Application of artificial neural networks for online voltage stability monitoring and enhancement of an electric power system

Chakrabarti, Saikat (2006) Application of artificial neural networks for online voltage stability monitoring and enhancement of an electric power system. Doctoral (PhD) thesis, Memorial University of Newfoundland.

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Abstract

Due to economic reasons arising out of deregulation and open market of electricity, modem day power systems are being operated closer to their stability limits. When a fault occurs, there is a great possibility of occurrence of cascading outages, as observed in the August 2003 Blackout in the North-East USA and Canada. Power system voltage stability is one of the challenging problems faced by the utilities. Innovative methods and solutions are required to evaluate the voltage stability of a power system and implement suitable strategies to enhance the robustness of the power system against voltage stability problems. This is the motivation behind the research carried out as a part of the PhD program and presented in this dissertation. Artificial neural networks (ANNs) have gained widespread attention from researchers in recent years as a tool for online voltage stability assessment. Two major areas requiring investigation are identified after doing a thorough survey of the existing literature on online voltage stability monitoring using ANN. The first one is the effective method of selecting important features among numerous possible measurable parameters as potential inputs to the ANN. The second one is the feasibility of using a single ANN for monitoring voltage stability for multiple contingencies. In the first phase of the research, a regression-based method of computing sensitivities of the voltage stability margin with respect to different parameters is proposed. Using the sensitivity information, important features are chosen selectively to train separate Multilayer Perceptron Networks (MLP) to monitor voltage stability for different contingencies. In the second phase of the research, an enhanced Radial Basis Function Network (RBFN) is proposed for online voltage stability monitoring. Important features of the proposed RBFN are: (1) the same network is trained for multiple contingencies, thus eliminating the need for training different ANNs for different contingencies, (2) the number of neurons in the hidden layers is decided automatically using a sequential learning strategy, (3) the RBFN can be adapted online, with changing operating scenario, (4) a network pruning strategy is used to limit the growth of the network size as a result of the adaptation process. In the next phase of the research, a sensitivity-based voltage stability enhancement method is proposed, considering multiple contingencies. Considering the limitations of the existing analytical methods, the sensitivities of the voltage stability margin with respect to parameters are found by using the RBFN proposed in the second phase of the research. Using the sensitivity information, correct amounts of generation rescheduling are found by using linear optimization. Case studies are presented throughout different sections of the thesis to illustrate the application of the proposed methods.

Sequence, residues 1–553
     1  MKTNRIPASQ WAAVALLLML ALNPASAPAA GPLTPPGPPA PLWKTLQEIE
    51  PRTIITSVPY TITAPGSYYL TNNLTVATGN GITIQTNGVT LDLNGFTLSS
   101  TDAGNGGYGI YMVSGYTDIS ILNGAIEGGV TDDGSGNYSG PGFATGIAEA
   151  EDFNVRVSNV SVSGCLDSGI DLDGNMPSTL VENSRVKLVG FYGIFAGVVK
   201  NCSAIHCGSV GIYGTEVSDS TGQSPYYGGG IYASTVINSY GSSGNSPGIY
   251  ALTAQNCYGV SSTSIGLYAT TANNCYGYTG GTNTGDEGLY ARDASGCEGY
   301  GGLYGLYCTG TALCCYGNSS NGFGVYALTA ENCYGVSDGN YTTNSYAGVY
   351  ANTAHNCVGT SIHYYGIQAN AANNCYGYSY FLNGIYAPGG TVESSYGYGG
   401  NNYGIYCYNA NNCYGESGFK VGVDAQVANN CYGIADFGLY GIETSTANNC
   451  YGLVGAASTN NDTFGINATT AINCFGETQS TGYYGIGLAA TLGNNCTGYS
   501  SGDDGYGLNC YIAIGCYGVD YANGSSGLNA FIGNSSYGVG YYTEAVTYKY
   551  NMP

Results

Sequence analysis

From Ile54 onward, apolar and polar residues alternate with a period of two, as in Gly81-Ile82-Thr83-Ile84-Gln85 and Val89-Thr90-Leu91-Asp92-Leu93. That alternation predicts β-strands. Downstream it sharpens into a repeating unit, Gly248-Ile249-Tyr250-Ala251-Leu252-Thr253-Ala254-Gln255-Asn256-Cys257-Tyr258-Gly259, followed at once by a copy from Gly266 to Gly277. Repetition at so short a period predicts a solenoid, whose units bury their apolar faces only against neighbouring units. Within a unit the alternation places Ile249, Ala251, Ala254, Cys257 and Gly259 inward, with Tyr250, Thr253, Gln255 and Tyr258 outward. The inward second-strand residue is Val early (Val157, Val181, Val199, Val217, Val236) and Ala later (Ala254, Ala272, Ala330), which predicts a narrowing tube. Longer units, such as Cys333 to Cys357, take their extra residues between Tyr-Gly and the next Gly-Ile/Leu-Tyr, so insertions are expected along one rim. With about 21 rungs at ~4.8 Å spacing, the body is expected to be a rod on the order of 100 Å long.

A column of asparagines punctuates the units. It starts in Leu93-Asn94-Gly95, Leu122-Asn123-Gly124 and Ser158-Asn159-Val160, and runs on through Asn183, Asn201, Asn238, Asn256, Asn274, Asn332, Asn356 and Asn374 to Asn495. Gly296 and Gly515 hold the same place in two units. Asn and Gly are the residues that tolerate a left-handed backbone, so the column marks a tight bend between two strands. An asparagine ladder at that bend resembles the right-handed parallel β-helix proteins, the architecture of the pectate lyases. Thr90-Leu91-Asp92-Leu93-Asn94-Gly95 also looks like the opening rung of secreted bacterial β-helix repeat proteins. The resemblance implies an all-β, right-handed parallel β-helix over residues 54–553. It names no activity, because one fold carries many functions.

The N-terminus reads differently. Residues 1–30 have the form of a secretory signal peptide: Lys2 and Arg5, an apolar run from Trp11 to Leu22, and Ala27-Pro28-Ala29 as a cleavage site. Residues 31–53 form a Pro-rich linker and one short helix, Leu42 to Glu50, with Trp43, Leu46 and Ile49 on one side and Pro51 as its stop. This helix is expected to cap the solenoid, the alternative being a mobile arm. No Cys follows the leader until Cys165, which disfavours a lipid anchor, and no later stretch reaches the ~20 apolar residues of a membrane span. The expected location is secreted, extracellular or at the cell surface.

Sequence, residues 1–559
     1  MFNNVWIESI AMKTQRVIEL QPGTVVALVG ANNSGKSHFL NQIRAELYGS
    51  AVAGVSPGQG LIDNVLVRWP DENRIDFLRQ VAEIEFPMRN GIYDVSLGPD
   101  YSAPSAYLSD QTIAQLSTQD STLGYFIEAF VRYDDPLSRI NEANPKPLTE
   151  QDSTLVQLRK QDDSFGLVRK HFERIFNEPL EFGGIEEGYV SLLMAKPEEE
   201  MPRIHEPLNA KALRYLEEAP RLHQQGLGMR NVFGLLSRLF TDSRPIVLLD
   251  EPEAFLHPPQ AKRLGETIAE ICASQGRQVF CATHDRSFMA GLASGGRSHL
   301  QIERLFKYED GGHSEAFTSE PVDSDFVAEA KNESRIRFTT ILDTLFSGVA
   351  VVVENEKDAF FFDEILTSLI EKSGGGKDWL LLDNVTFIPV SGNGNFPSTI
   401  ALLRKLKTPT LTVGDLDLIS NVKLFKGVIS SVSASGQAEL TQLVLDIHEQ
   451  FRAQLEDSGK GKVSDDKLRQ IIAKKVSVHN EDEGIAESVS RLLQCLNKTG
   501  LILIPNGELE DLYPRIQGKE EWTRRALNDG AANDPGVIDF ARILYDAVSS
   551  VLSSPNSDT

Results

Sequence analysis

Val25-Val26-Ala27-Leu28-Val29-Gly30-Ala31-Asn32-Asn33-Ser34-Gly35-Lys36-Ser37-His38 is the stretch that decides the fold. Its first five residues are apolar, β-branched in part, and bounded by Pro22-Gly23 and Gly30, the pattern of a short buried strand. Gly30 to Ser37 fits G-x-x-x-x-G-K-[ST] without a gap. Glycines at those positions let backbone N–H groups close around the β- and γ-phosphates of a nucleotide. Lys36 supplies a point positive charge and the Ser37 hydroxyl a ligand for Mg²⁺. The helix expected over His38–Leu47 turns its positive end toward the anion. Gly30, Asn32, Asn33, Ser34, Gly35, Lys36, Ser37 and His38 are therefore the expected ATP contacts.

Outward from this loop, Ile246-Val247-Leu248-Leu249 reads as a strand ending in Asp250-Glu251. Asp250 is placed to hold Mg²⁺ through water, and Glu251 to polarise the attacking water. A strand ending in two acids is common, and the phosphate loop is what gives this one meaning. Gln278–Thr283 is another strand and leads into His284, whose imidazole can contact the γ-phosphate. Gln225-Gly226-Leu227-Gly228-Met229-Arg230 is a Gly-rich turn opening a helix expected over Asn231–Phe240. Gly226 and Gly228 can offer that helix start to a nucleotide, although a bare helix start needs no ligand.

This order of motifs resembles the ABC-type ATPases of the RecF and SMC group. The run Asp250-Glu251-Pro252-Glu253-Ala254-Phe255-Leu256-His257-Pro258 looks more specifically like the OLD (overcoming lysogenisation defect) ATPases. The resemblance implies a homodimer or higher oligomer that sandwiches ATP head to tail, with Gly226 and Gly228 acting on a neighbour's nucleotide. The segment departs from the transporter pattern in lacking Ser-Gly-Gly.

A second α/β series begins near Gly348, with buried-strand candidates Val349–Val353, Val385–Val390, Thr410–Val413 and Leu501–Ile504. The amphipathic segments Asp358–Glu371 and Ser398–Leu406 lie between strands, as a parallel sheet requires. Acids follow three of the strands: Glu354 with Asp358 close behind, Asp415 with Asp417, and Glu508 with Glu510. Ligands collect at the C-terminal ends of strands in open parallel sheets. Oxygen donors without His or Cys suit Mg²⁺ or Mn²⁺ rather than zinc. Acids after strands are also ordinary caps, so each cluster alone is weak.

Item Type: Thesis (Doctoral (PhD))
URI: http://research.library.mun.ca/id/eprint/12237
Item ID: 12237
Additional Information: Includes bibliographical references (pages 116-124).
Department(s): Engineering and Applied Science, Faculty of
Date: October 2006
Date Type: Submission
Library of Congress Subject Heading: Electric power system stability; Electric power systems--Control; Neural networks (Computer science); Voltage regulators

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